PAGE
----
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Weighing in

Fat is not a feminist issue. Or even a fashion issue. It has simply become an issue that everyone feels entitled to weigh in on, sound off on, or even trade insults about.

health and fitness Updated: Mar 06, 2010 18:33 IST
Seema Goswami
Seema Goswami
Hindustan Times
feminist issue

Okay, I had it wrong all along. Fat is not a feminist issue. Or even a fashion issue. It has simply become an issue that everyone feels entitled to weigh in on, sound off on, or even trade insults about.

Even those who wouldn’t dream of commenting on the colour of your skin, the quality of your education, the size of your house, will have no qualms about drawing attention to the fact that you are getting a little thick around the middle and a bit of diet and some light exercise wouldn’t go amiss.

Of course it is all couched in terms of health and obesity and faux concern. About how necessary it is to keep your BMI at a certain level if you want a long and healthy life. And how all lifestyle diseases are a direct consequence of weight gain and unhealthy eating.

But beneath all these medical platitudes, wellness clichés, and feel-good jargon, the word ‘fatty’ hovers uneasily just underneath their tongue. They may not say it, but it is clear that they sure as hell mean it.

But then, in our increasingly politically-correct world, where you can’t discriminate on the basis of race, religion, caste or creed, fat is the last remaining bastion of prejudice that everyone is comfortable about owning up to.

And everyone – and by that, I do mean everyone – is at it. Nobody is safe from the attacks of the fat police. Even the redoubtable Oprah Winfrey, who can make or break reputations, turn a book into an instant bestseller, and is probably the richest entertainer in the USA, is not exempt.

The glacial – not to mention, skeletal – editor of American Vogue, Anna Wintour, insisted that the curvy Oprah drop a few pounds before she could be photographed for the magazine’s cover. And Oprah, whose figure has famously waxed and waned over the years, duly appeared on the Vogue cover a few months later, looking suspiciously slimmer.

But then, Oprah plays into these insecurities herself. When she piled on the kilos (as one does) after slimming down to her thinnest ever, she posed for the cover of her eponymously named magazine beside a thin picture of herself. The tagline read: “How did I let this happen again?”

The answer apparently was: a thyroid problem and a crazy lifestyle that didn’t allow her to exercise. But the point was that Oprah, despite all her millions and her status as a cultural icon, felt the same pressure to be thin as the rest of us. And she still thought that fat was a dirty word.

But how can anyone remain exempt when these messages come home to us from all over? Now even the US First Lady, Michelle Obama, has got in on the act. Her mission while in the White House is to tackle the obesity epidemic that grips Middle America around the middle.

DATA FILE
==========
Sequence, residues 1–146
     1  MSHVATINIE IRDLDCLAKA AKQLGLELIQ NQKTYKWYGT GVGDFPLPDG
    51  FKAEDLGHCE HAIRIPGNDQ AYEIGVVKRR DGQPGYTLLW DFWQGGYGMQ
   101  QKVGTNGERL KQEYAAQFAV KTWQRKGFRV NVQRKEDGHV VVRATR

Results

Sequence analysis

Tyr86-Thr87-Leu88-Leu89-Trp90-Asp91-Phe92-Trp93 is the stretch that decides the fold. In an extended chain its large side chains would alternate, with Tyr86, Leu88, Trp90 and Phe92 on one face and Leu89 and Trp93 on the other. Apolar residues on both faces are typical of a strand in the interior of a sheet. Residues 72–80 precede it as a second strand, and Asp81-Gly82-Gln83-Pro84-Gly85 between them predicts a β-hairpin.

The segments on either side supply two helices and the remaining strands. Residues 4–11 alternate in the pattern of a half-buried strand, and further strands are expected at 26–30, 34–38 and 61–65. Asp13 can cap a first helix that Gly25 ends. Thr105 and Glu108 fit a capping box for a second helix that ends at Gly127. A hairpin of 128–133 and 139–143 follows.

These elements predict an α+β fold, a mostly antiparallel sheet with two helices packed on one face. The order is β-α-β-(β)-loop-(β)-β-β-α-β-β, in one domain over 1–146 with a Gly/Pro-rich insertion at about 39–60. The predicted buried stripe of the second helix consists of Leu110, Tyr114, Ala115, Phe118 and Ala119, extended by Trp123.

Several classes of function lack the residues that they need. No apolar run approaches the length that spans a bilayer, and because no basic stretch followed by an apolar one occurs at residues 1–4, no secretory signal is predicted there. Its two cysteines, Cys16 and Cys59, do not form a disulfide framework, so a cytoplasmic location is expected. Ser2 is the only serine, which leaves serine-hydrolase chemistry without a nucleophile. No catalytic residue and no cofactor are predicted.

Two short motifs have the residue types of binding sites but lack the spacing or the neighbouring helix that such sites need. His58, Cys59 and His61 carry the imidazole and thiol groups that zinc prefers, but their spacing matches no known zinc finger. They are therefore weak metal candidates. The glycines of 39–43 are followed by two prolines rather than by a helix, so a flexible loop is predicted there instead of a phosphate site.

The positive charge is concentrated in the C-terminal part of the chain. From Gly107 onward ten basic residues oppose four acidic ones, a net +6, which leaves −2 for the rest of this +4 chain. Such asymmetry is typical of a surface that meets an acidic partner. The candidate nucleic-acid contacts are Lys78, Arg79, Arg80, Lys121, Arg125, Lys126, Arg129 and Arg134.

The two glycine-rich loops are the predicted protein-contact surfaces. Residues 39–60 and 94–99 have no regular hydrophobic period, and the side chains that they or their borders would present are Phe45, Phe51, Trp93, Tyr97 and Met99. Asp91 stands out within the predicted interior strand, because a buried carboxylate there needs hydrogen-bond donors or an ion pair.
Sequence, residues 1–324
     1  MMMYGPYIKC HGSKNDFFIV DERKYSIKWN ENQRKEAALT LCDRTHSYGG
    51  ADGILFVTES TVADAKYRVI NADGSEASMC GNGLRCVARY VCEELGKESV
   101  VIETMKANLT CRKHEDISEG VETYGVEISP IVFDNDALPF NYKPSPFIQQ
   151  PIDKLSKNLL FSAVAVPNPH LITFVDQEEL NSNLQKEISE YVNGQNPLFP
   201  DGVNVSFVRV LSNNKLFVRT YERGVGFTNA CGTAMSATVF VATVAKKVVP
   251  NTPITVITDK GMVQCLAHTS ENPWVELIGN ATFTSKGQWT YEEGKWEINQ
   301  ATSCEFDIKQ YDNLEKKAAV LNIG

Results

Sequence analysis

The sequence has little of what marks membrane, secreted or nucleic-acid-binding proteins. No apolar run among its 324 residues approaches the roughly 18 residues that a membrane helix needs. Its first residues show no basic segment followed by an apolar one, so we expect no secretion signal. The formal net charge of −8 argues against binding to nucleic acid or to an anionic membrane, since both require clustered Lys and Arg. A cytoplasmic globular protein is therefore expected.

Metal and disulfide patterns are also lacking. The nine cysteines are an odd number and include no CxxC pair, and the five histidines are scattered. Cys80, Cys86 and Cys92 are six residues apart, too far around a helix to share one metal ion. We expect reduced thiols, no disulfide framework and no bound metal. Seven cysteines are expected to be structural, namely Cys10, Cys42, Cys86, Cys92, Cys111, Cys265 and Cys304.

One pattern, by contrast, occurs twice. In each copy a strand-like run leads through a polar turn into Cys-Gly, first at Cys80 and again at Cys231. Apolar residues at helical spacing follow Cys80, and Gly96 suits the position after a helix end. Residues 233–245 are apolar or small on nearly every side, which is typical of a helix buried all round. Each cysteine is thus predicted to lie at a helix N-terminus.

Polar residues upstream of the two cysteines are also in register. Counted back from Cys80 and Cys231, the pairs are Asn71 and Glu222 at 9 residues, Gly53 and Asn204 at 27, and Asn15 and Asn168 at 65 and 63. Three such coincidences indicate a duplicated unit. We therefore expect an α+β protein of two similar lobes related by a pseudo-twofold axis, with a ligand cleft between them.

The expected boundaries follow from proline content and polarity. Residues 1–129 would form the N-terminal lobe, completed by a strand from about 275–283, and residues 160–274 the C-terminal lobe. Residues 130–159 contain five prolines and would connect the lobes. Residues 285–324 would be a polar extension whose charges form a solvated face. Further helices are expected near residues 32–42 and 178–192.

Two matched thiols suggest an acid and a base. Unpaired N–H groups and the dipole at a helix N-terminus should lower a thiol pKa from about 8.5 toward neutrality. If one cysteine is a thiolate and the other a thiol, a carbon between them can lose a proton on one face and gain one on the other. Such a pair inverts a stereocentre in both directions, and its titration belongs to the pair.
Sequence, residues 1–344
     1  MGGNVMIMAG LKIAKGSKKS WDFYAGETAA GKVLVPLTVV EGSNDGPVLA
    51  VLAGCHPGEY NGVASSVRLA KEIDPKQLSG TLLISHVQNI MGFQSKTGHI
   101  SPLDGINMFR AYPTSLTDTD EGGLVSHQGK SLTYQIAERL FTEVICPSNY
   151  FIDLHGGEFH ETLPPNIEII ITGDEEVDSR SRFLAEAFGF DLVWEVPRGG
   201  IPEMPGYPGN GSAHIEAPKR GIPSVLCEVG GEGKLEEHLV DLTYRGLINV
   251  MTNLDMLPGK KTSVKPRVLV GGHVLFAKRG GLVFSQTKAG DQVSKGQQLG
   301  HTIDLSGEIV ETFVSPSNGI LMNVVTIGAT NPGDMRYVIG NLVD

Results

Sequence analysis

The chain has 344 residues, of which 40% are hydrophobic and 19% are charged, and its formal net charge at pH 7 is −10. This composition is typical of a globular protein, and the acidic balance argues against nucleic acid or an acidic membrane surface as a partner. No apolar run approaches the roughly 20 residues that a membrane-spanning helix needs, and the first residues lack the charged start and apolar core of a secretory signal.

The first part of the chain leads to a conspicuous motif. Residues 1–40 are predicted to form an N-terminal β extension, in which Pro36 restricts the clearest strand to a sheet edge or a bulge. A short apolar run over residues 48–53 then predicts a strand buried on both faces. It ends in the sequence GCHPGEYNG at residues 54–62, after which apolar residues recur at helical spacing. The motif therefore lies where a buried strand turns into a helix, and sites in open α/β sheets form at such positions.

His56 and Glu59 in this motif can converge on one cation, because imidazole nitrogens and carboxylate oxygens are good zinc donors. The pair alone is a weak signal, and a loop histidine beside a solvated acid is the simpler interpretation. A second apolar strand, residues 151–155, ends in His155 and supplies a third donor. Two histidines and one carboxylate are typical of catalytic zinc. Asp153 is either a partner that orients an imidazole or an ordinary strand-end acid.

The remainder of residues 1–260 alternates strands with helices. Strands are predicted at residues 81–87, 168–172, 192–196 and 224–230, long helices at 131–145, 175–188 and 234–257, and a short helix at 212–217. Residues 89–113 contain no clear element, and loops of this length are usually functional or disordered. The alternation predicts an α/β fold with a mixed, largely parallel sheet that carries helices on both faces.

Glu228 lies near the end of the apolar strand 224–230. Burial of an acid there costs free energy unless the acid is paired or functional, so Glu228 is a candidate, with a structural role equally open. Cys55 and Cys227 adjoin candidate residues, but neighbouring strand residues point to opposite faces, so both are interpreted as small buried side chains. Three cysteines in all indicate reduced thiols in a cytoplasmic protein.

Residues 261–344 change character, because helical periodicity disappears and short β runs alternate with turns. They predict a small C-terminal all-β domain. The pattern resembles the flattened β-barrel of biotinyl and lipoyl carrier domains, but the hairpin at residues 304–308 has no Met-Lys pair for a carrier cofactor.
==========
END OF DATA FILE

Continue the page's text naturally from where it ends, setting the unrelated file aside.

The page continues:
All very worthwhile, I’m sure, but was it really necessary to tell the world that her daughters had gotten a little chubby since moving into the White House and that their pediatrician has asked her to put them on a diet?

Of course, it was all dressed up in fancy medical terminology, as in their BMIs were a trifle high, but there was no missing the message. The Obama kids were overweight and needed to lose those extra pounds. I’m sure Malia and Sasha must have loved having that little nugget shared with the rest of the world. That’s exactly what teenagers and pre-teen kids need, right? To be told that they are getting fat, in public, by Mommy.

In fact, these days, a high BMI has become a code word for fat, a polite way of telling you that you are a lardy so-so who needs to get off your fat rump and do something about your weight. Of course, it can have inadvertently comic consequences.

Last fortnight the British papers were full of indignation on behalf of a six-year-old who was classified as obese on the basis of her BMI even though the girl in the picture looked perfectly healthy, even slim.

I had a certain amount of sympathy for her, remembering my own young nephew, a slightly chubby teenager, being needlessly traumatised because his doctor wrote on his prescription: “Appearance: obese.”

But while doctors come right out and say it, the rest of us have developed an entire vocabulary for delivering these insults. “You’re looking well,” in faintly accusatory tones is one way to go. “Are you still going to the gym?” is another favourite. The people who get the full treatment, of course, are celebrities, who have every inch of cellulite, every flap of flesh put under the microscope by the media if they ever put on weight.

Magazines run unflattering before and after pix, television cameras come up close and personal to focus on new folds of flesh, and newspapers offer gratuitous advice on how the said celebrity can win the battle of the bulge.

And no, there are no euphemisms here. The word fat is thrown around with abandon, even wielded as a weapon that can inflict actual harm if not psychic damage.

It doesn’t exactly help that the celebrities often chose to play along, all in the name of good publicity. Take Bipasha Basu, for instance, who was targeted by the media for getting a bit big. She has now launched a new fitness DVD and appears on the cover of a glossy magazine to promote it. The tagline reads: “How I got my body back.”

- Oprah would be proud